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James McGovern

Trying to trace involvement of James McGovern (Co Fermanagh ), student at St Patrick’s College, Drumcondra and member of IRB, was very quiet about his past and also very proud of his yellow/black pin and ribbon. I believe he ceased his teacher training and became involved militarily. I think he may have met up with Sergeant Patrick Reilly, RIC who ironically was from his next-door parish in Co Fermanagh. I think their paths may have crossed at the “springing” of Dan Breen and he knew Tom Barry well, I think. but I don’t want to appear to be name-dropping. He finally ended back in Co Fermanagh working as a labourer. Was there a West Cavan Brigade? I came across an exer book recording treasurer’s expenditure in his writing, but it was all very mundane stuff – about groceries bought etc I have his photograph (head only) on a memoriam card in this he is wearing a uniform.

Ref: James McGovern, Aghandisert, Derrylin, Enniskillen, co Fermanagh would have been his home address. No-one living there now (1/4 mile from Fermanagh/Cavan) border. So when partition came it was a very, very bitter pill to swallow at the time. Residents went to bed Irish and woke up British citizens. I remember my mother used to cry about it. I used to know which side of the civil war certain pubs in Ballyconnell were by the hostelries my Uncle James used to visit. I owe it to him to find out what I can so that if necessary I can separate fact from fiction. I think a Hugh McDonald from Belturbet area may have been a volunteer friend of his. They used to have to use “safe houses” and dodge “curfew police” when coming home to see their families. Partition left them “on the run” and forgotten.


James Hannan

James Hannan was born in Belfast around 1875.

Below is an entry in the 1911 census showing that he lived in Bombay Street Belfast, near the Falls Road…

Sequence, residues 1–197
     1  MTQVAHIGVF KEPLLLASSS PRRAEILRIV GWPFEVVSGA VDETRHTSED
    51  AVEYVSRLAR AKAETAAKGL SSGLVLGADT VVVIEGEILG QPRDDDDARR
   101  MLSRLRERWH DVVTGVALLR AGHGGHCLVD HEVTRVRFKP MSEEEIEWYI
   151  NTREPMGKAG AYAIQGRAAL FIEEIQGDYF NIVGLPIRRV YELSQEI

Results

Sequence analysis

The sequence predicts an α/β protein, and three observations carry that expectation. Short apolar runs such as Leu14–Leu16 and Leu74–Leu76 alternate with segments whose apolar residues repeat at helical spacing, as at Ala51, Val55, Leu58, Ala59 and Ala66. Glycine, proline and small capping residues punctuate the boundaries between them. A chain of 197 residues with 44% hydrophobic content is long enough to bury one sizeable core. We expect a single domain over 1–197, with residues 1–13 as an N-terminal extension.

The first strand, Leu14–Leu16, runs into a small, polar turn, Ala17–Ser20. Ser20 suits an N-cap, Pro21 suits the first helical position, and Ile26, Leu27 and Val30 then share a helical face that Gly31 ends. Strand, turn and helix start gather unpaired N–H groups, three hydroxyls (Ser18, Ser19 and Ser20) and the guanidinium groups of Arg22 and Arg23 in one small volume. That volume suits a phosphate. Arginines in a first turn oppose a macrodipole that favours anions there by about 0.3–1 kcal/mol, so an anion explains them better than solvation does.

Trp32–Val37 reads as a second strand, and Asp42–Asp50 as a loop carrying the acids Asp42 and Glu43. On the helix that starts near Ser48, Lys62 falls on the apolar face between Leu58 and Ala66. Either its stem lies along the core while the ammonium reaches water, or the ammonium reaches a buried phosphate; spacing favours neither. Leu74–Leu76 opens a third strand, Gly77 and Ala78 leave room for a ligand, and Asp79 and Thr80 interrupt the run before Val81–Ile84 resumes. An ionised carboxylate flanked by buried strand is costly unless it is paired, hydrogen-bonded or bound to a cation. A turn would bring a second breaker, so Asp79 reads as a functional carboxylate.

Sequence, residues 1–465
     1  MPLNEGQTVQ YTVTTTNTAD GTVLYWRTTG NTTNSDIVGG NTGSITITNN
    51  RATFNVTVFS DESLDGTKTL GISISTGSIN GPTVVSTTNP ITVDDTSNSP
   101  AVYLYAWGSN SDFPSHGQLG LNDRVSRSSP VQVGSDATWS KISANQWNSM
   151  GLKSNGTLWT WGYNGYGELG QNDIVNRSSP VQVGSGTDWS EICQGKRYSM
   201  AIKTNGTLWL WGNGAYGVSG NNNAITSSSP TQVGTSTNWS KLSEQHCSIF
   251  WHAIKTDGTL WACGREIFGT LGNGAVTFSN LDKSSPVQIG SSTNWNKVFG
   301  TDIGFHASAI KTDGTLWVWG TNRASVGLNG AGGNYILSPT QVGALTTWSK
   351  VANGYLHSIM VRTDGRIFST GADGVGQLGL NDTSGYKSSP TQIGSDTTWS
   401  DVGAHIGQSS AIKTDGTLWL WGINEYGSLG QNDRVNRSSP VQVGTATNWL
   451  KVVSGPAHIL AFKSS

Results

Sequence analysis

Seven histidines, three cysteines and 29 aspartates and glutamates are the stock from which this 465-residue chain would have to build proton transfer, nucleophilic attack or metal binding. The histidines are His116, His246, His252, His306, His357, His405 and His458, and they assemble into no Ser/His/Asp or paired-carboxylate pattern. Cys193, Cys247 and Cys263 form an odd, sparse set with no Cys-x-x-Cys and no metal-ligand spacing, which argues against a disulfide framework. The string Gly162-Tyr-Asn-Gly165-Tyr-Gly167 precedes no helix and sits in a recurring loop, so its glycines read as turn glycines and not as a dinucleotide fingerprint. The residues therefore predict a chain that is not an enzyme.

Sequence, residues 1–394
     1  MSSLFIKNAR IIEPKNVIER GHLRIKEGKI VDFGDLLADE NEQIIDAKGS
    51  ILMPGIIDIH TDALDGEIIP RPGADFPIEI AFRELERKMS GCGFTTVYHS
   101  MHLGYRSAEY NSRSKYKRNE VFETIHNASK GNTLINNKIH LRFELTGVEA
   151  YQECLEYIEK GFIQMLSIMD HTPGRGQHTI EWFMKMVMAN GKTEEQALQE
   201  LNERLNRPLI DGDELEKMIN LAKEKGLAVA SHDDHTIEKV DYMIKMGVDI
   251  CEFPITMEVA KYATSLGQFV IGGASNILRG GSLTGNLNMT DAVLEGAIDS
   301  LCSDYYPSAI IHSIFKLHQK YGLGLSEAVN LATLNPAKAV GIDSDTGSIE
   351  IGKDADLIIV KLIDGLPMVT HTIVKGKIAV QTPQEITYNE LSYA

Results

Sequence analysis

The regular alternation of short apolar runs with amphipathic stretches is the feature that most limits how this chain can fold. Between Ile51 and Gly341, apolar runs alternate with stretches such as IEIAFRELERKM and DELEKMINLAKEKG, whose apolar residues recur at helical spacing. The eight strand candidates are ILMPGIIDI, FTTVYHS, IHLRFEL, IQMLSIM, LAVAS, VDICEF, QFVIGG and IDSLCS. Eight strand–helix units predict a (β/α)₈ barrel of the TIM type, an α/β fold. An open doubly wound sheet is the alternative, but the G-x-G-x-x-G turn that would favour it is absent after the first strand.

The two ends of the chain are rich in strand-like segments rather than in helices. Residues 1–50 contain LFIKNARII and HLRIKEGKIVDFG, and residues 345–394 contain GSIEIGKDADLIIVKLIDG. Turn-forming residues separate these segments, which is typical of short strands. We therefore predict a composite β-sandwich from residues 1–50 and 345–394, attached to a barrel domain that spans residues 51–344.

I have attached two pdf documents from the Irish Times archive, showing a incident in Belfast in which he prevented the police from entering a Sinn Fein meeting. He was subsequently imprisoned for this offence.

My grandfather died in Belfast in 1951, so I never knew him (I was born in 1960).

My father let me know that my grandfather was an agent of Michael Collins and lived in Liverpool around 1920 under the assumed name of “Fox”.

He was sent by Michael Collins to Liverpool mainly to get guns for the IRA back in Ireland.

Prior to this he was in prison with Thomas Ashe and was force fed after being involved in the hunger strike around 1917.

The details above are also documented in a book by “Uinseann Mc Eoin”, “The IRA in the Twilight Years”. My father Pat Hannan contributed to this book and there is a chapter in the book dedicated to his account.

I also have attached a image from Padraig O’Ruairc’s book “Revolution” .
This is a photo of released IRA prisoners in Liverpool in 1922 (page 196) .
The man I have circled is the image of my father, so it may be my grandfather.
I am not sure if it is possible to find out who is in the photo?

Liverpool IRA

If you have any advice please let me know.

Thanks again for your help.
Seamus Hannan

Robert “Bobbie” Bonfield

I am looking for information about a distant relative of mine Robert “Bobbie” Bonfield (sometimes incorrectly spelt as Bondfield) who was a member of Na Fianna and graduated to the IRA in 1918 when he would have been about 15 or 16.

Bobbie took the anti-Treaty side in the Civil War and was killed by Free State forces in March 1923.

I can find information about his death, but nothing about his activities in Na Fianna or afterwards in the IRA – would your researches have thrown up his name at all?

Bobbie lived at the family home at 103 Moyne Road, Ranelagh, Dublin 6 if that helps you narrow things down. He was a classmate of CS “Todd” Andrews and may have joined the Volunteers with him as Andrews joined at the same age.

At the time of his death he was a 20 year old dental student in the third year of his studies at UCD.

Any scraps of information that you can give me would be most appreciated.

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  1. mmckenna February 21, 2012 at 6:04 pm

    Thanks to the help of some members of this forum and others, I have been able to discover quite a bit about Robert “Bobbie” Bonfield, at the time of his death on 29/03/1923 he was the O/C of G Company, 4th Battalion, 1st Dublin Brigade.

    I am looking for information on the activities of G Company both during the War of Independence and later in the Civil War. Did the formations stay much the same after the ‘Split’? Would he have been in G Company prior to the Civil War or was there much reorganisation of the units?